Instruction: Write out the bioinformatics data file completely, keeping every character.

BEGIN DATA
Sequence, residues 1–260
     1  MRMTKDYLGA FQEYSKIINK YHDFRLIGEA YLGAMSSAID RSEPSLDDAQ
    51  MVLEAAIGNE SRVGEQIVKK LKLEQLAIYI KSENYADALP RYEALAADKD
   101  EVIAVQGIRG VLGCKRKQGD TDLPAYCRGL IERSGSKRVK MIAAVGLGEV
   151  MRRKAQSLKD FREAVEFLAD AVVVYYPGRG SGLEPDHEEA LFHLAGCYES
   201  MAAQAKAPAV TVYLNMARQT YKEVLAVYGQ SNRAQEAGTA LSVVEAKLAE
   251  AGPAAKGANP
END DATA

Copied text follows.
Sequence, residues 1–260
     1  MRMTKDYLGA FQEYSKIINK YHDFRLIGEA YLGAMSSAID RSEPSLDDAQ
    51  MVLEAAIGNE SRVGEQIVKK LKLEQLAIYI KSENYADALP RYEALAADKD
   101  EVIAVQGIRG VLGCKRKQGD TDLPAYCRGL IERSGSKRVK MIAAVGLGEV
   151  MRRKAQSLKD FREAVEFLAD AVVVYYPGRG SGLEPDHEEA LFHLAGCYES
   201  MAAQAKAPAV TVYLNMARQT YKEVLAVYGQ SNRAQEAGTA LSVVEAKLAE
   251  AGPAAKGANP